One of the near constants of the entertainment world is the social commentary on The Simpsons. The morality issues that get frequent play had led to a book entitled The Gospel According to the Simpsons some years back. And since Americans like their morality straight from the popular media, The Simpsons is not a bad place to look. The episode “My-Pods and Boomsticks,” although a few years old now, raises issues that are still current in our culture. I watched it with my daughter recently and she commented, “It’s just like Zeitoun.” My family read Zeitoun this summer (some high school reading programs have a way of involving more than just the student) and the revelation of just how deeply suspicious the nation is of Muslims disturbed us all. This particular Simpsons episode involves a Muslim family from Jordan moving into Springfield. Although Bart befriends their son, Homer just can’t get over the assumption that Muslim equals terrorist. In the end, however, it is Homer who ends up dynamiting a bridge rather than believing Muslims can be good citizens.
Apart from being the longest running primetime animated feature in history, The Simpsons bucks the convention of veering away from religious topics. Indeed, many episodes foreground religion and feature Hinduism, Judaism, and Buddhism as well as Christianity and now Islam. The religions may be gently chided, but they are not mocked, and we are given a glimpse into our own religious biases. Islam, as a religion, is not evil or bent on destruction. Like Christianity, it has many varieties and believers range from the sacred to the profane. It is not the religion that is a problem, but the society that gives the lie to true equality. Believe what you will; harm no one.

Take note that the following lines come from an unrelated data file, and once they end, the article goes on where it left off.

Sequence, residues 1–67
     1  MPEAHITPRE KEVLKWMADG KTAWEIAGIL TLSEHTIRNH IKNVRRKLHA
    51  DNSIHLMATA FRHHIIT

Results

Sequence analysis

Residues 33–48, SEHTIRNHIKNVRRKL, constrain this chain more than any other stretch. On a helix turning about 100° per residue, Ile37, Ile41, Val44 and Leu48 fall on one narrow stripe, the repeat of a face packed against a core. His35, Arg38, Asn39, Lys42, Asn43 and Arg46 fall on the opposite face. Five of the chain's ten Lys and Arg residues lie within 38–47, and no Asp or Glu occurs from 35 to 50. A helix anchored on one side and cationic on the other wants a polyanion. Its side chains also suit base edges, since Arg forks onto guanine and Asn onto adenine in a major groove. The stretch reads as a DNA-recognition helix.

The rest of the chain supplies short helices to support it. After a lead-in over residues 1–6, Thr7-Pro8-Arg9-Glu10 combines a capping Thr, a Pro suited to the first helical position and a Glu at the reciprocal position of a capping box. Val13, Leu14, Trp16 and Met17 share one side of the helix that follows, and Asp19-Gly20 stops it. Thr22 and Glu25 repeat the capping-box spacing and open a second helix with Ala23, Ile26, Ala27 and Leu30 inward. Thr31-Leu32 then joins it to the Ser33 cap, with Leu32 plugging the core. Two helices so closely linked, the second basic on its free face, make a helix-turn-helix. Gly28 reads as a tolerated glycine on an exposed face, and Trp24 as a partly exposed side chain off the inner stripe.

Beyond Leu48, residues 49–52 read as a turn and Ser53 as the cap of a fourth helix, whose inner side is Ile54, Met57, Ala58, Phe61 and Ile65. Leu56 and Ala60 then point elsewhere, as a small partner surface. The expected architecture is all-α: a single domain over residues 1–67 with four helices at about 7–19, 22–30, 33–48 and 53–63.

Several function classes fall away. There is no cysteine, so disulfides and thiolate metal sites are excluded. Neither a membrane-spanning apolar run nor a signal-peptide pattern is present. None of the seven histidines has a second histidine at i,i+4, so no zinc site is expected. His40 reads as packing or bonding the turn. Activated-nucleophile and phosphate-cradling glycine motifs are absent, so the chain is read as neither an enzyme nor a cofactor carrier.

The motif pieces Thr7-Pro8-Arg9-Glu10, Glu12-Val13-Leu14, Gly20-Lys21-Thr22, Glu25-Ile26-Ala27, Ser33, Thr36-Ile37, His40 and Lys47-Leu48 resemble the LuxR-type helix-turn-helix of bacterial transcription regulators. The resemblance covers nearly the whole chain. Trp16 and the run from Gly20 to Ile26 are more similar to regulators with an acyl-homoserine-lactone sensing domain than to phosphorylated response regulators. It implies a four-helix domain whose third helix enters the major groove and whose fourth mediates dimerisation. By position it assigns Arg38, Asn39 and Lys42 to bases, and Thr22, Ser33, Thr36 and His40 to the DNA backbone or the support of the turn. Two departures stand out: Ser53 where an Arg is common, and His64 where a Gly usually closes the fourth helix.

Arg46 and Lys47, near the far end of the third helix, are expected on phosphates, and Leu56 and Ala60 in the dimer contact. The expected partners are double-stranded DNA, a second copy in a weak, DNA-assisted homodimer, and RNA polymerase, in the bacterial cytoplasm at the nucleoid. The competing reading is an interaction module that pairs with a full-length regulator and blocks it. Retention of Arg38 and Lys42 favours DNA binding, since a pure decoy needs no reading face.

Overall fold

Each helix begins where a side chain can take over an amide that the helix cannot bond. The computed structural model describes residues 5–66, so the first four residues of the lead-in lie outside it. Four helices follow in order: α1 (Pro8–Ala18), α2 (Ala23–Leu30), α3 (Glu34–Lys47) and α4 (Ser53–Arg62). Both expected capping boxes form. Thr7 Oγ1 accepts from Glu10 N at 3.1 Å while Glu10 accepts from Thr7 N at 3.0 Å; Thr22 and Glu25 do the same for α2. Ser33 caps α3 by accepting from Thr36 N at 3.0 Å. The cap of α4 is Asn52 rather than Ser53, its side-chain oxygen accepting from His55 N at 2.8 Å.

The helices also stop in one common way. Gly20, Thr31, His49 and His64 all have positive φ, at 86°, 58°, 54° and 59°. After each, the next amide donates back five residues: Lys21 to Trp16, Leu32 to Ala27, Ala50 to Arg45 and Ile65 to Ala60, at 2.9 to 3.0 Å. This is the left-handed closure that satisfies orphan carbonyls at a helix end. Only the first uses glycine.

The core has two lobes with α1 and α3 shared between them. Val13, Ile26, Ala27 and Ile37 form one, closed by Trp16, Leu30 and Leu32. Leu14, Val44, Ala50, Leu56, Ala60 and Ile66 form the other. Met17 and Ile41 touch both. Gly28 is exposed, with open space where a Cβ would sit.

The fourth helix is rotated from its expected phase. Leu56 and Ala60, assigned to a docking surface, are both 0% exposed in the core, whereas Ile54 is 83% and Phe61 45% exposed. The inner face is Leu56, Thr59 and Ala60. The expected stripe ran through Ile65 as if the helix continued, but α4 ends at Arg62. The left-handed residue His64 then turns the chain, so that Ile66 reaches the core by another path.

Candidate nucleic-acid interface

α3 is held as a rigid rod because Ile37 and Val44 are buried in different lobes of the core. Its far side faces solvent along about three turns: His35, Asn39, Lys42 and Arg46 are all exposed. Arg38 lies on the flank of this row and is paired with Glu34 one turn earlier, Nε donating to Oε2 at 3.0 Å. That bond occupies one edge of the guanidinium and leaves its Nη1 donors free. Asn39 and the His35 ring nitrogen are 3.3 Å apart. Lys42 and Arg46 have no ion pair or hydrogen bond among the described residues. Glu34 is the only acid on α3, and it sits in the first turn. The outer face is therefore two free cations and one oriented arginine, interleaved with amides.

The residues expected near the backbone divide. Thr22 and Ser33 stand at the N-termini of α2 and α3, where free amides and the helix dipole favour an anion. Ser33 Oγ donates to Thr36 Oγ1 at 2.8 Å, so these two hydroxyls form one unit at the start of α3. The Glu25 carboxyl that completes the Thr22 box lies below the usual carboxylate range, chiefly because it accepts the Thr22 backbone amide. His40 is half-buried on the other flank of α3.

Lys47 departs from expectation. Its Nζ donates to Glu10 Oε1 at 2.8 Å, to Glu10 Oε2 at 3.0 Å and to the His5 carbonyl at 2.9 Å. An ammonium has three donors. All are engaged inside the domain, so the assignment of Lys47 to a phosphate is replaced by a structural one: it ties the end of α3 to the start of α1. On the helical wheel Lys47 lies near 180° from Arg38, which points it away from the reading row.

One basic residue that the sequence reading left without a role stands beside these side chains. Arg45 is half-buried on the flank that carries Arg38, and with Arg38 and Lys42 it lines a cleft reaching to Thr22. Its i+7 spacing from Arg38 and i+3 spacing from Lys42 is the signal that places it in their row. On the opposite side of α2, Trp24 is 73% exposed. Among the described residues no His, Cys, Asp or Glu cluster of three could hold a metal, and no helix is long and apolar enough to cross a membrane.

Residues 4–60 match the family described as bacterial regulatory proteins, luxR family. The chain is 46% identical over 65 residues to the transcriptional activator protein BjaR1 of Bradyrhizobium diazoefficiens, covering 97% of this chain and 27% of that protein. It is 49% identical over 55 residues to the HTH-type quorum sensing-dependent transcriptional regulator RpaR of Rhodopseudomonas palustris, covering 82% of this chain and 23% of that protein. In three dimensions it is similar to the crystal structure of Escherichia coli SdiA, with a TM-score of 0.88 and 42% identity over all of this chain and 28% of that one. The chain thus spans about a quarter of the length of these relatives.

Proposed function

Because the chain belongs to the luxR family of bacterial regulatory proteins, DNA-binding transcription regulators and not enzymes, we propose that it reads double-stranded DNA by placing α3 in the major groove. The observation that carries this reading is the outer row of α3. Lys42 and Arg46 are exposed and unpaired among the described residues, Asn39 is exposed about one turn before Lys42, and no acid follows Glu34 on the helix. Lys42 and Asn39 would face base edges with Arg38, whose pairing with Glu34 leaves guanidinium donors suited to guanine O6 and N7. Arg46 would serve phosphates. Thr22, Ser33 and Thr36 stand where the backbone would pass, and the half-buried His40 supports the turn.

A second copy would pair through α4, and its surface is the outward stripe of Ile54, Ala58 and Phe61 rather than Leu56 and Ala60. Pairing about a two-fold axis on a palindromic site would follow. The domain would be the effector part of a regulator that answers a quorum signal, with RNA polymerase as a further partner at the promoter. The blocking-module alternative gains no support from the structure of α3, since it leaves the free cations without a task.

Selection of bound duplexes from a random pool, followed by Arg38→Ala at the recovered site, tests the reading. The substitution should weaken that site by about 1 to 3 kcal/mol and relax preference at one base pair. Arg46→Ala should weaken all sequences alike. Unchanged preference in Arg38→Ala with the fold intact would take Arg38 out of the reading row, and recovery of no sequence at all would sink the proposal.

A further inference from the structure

At work the other day I received an office memo about lunchtime Yoga. Whenever I see such notices I consider how this religious practice, in American minds, has become completely secular. The same may be said of some of the martial arts which, in original contexts, have a deep base in eastern spiritualities. These things do not bother us because we do not bother to learn about them as religious activities. Even Kung Fu Panda has a spiritual undertone. Religions display a wide variety of expressions throughout the world. Going to church one day a week and condemning those who believe differently all seven, many people do not stop to think of the contributions that other religions have made to our society as it exists today. American culture, while predominantly evolving from a Christian base, has strong elements of most of the major religions that go unrecognized or packaged as secular self-helps. We could still stand to learn a thing or two from Springfield.